Critical Thinking and Problem Solving

Assignment: This week u learned how to construct reasoned arguments about moral issues. Your assignment is to read the case study, analyze the situation, and answer question related to euthanasia. This assignment consists of constructing an argument and answering 2 questions related to the case study.

Part 1-Construct an argument

A-Identify which position u agree with: the husband or the parents.

B-Construct a sound argument including premises and a conclusion.

D-Your premises could address: The role media played to influence public opinion (which affects the decision made by the court) or The reasoning behind the decisions made by the court.

Part 2-In paragraph format, answer questions related to the case study.

A-If Terri Schiavo ha a living will, what affect would that have made on the outcome?

B-Is it ethical to remove the feeding tube, put back in, and then remove it again?


1.Your argument must consist of: Introduction paragraph providing an overview of your position, 1 paragraph per premises with supporting facts from the research, a conclusion paragraph summarizing your argument.

2. U must have a least 2 premises supporting the conclusion.

3.Your argument must be written in paragraph format, wih a least 3-5 sentences per paragraph.

4.Your paragraph must be written with complete sentences, without spelling or grammarical errors.

5.Your argument should not be a reflection of your opinion (only what u can find in the case study and your research).


1.Your responses to the question must be written in paragraph format with a least 3-5 sentences per paragraph.

2.Your responses must be complete sentences, without spelling or grammatical errors.

3.Your answer must be in your own words.

4.Cite your refences using APA style citations. (You may find it helpful to use this website to help u format your citation:

Use MS Word to complete this assignment. GRADING: complete the task assigned.

Part 1 is worth 65 points

Part 2 is worth 10 points (5points per question)


Terri Schiavo, a Pinellas County, Florida woman, suffered a heart attack in 1990, which left her in a “persistent vegetative state.” She was 25 years old at the time of the attack, and remained on life support 15 years.

Terri’s “persistent vegetative state” was not the equivalent of a coma, but can be defined through the fact that she was unable to eat, speak or control her body in any way. Her eyes wre open, but she was not classified as being “conscious” due to the fact that she only seemed to responded to basic stimuli, and was not aware of what was going on around her (it was later determined during her autopsy that she was blind and brain dead). Her prognosis was contentious, as some experts belived her to be unable to recover, while others speculated on the reality of her condition and her potential to improve.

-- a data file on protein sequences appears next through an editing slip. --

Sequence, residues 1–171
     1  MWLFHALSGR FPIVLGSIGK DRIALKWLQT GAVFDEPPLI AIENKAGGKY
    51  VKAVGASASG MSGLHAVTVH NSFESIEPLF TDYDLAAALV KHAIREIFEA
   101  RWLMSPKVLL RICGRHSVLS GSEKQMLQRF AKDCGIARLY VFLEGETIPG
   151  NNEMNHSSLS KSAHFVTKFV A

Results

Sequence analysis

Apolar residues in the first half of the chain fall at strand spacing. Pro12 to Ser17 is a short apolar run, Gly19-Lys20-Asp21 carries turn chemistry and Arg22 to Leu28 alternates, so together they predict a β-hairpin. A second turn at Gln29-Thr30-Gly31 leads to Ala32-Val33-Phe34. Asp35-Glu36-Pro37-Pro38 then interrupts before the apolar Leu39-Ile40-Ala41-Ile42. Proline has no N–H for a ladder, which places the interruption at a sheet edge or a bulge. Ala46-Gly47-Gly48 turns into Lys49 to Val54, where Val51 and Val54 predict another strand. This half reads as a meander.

Terri was married in 1985 to a man named Michael Schiavo. Due to the fact that Terri did not have a “living will,” it was Michael contention that his wife “died” 15 years ago, and that it was not her wish to have been kept alive through artifical means. However, her parents’ contention was that Terri would want a chance at life and that she was capable of some rehabilition; it was these opposing veiwpoints that led to an ongoing legal battle that lasted 12+years.

Eventually, Micheal was granted his wish in March of 2005, and Terri’s feeding tube was removed, causing her to pass away from dehydration after 13 days. It is important to remember that Terr’s life support differed from the more common forms of life support in that she was being kept alive through a feeding tube. Michael and Terri’s parents’ opposing views regarding what Terri would have wanted garnered world-wide attention including the local court system, the Florida Supreme Court, the U.S. Supreme Court, the Catholic Church (Terri and her parents wer catholic),, the national news media, and even the Pope himself.

During the weeks prior to the removal of her feeding tube and the days prior to her death, there were hundreds of individuals from around the world demonstrating in front of her Hospice facility:some in favor of Terri’s right to live and others who were there supporting Terri’s right to die. Toward the end of this “vigil,” the scene became almost carnival-like in nature, and the there were daily attempts by protestors to bring Terri a glass of water knowing that they would be arrested by police officers monitoring the entrance.

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